During the MB, the city was about 30 acres and was a city with a rich material culture, evidence for which comes in the offerings found in well-built stone tombs and jar burials. A large assemblage of pottery vessels (some with a close affinity to the N), bronze weapons, and ivory cosmetic boxes were found. Especially numerous were the large open bowls, jugs and juglets, and carinated bowls of all sizes. Also found were Yahudiyeh type juglets and two scarabs. The vessels are to be dated to the MB II and III. Evidence of a destruction at the end of this period comes from two squares in which a thick layer of destruction by fire was found, containing cooking pots, bowls, and juglets of the end of the MB III.
While Laish appears in a historical context in the lists of Thutmose III, the excavations have so far shed no light on this campaign, but two finds reflect contacts with Egypt. One is a red granite statuette of a man in a sitting position, Nefertem by name, found in secondary use in a wall of the Israelite period. The statuette is of a well-known type used in the ritual of the dead, dated to the 19th Dyn., ca. the 14th century b.c.e. Another fragment of an Egyptian statuette was found on the surface. Originally from the Middle Kingdom, it bears a secondary inscription of the Ptolemaic period.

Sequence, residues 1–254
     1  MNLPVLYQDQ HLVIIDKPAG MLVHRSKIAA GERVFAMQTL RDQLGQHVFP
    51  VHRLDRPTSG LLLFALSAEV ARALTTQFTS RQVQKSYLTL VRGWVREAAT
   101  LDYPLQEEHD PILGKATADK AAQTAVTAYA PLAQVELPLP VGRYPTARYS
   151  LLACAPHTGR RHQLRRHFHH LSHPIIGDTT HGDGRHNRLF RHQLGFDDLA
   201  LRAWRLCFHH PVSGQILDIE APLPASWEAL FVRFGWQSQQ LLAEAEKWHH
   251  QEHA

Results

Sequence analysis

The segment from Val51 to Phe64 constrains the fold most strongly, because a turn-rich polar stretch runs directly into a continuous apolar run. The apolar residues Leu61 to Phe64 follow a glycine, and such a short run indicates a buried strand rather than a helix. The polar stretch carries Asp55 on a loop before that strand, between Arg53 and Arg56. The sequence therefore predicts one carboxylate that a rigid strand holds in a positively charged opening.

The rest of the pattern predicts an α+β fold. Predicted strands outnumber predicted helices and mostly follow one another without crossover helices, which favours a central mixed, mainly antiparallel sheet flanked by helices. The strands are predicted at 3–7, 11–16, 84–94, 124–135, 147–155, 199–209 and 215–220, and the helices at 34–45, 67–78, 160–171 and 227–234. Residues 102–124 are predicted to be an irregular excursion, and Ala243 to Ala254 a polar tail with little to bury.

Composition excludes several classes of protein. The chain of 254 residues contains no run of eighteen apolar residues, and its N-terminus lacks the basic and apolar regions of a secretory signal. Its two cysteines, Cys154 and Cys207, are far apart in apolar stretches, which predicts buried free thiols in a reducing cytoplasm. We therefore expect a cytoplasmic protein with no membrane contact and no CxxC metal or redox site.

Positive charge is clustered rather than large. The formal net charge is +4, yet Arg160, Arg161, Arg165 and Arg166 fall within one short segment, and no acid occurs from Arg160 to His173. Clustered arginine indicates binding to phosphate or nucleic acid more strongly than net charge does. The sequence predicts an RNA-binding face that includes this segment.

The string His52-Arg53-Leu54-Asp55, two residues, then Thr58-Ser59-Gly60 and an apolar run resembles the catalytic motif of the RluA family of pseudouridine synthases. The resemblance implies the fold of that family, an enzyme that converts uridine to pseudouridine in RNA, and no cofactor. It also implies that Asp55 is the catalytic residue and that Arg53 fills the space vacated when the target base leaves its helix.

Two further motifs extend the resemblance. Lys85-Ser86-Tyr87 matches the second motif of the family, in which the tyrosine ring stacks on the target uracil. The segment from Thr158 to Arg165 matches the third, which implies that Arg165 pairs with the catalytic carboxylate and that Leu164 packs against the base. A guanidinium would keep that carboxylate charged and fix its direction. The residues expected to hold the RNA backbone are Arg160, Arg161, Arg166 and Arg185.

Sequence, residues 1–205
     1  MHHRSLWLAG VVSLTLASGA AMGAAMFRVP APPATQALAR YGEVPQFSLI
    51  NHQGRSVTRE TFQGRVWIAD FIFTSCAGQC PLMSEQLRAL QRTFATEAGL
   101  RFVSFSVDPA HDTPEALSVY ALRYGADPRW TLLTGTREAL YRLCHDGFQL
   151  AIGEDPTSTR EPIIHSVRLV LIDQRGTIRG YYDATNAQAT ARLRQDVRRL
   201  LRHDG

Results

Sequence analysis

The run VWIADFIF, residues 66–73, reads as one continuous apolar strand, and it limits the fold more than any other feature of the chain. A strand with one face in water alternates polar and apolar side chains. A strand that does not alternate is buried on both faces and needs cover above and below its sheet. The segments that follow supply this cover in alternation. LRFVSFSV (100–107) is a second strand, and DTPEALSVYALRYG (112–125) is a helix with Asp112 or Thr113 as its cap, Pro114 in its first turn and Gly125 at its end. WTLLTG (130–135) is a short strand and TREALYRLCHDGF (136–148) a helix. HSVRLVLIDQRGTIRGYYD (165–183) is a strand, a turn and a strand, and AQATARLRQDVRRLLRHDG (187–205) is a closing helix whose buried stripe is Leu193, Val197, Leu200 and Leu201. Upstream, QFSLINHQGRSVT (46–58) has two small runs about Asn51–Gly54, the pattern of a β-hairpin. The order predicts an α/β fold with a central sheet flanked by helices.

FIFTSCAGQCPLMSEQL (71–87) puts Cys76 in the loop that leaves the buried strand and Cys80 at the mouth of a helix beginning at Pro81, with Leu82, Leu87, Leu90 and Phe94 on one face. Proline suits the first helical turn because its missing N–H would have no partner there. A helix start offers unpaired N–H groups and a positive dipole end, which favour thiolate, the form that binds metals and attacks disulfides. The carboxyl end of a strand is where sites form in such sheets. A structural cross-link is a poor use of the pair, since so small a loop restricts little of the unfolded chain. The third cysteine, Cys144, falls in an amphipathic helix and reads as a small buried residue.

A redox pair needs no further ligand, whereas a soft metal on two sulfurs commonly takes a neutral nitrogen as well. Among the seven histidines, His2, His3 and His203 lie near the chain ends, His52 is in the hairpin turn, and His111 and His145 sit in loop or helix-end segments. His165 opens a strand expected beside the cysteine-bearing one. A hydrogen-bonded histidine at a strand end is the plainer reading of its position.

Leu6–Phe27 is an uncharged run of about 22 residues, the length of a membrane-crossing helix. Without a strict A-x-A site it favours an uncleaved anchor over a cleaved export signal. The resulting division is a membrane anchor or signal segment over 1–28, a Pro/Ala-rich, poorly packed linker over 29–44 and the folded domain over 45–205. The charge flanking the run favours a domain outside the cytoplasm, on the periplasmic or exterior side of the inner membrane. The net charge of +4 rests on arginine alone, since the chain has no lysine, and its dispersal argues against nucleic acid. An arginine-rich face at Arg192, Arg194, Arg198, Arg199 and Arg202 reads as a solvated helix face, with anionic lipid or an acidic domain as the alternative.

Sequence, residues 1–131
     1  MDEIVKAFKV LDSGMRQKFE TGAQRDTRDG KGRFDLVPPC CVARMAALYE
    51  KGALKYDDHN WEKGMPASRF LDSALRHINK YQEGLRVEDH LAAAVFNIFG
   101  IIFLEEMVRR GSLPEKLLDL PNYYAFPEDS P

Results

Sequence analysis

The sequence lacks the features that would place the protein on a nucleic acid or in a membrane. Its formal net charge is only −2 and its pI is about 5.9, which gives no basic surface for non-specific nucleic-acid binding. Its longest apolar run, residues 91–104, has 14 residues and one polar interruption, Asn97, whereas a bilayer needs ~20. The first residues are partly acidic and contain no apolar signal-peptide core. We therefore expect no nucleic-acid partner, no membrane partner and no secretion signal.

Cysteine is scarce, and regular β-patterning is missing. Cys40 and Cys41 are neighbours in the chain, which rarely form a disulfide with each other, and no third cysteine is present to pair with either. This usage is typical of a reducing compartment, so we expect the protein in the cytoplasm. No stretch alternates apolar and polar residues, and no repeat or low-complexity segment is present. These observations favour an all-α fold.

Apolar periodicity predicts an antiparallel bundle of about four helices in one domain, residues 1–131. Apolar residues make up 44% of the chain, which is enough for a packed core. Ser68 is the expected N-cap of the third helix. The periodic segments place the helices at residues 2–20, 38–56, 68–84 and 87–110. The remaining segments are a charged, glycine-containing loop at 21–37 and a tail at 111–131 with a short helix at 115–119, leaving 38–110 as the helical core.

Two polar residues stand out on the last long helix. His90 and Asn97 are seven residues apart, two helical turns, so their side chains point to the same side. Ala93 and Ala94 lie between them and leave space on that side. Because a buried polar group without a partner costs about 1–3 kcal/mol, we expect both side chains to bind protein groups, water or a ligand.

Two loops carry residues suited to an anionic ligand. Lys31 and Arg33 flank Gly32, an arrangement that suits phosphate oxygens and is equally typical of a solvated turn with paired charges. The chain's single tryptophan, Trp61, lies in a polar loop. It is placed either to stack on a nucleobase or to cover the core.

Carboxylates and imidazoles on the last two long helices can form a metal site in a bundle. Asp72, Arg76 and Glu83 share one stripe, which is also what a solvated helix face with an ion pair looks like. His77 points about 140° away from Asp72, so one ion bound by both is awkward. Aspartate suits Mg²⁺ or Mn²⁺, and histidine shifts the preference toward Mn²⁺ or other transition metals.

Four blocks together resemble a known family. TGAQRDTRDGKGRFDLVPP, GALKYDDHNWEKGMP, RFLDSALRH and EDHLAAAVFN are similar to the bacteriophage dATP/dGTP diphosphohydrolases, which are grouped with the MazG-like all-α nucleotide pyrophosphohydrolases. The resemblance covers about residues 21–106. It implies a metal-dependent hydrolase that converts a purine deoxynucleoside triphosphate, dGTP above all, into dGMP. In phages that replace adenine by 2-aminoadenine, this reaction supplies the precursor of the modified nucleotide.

The LB is represented by a large building the stone walls of which are preserved to a height of 1 m. The S and E walls have been exposed to a length of 6 and 7 m respectively. The floor is of flat stones. A female ceramic figurine, possibly a mask, was found in the debris. See Fig. DAN.02. Other remains from the LB period were found in practically all areas excavated. Area B yielded a tomb built of rough basalt stones which contained 95 vessels (26 of which were imported), 4 basalt bowls and 2 stone vessels, 4 ivory boxes, 6 bronze bowls, a bronze shovel, a bronze oil lamp, 2 daggers, 2 swords, numerous arrowheads, and silver and gold jewelry; these indicate the wealth and cosmopolitan character of the city in the LB. Especially significant is the discovery of a complete charioteer vase.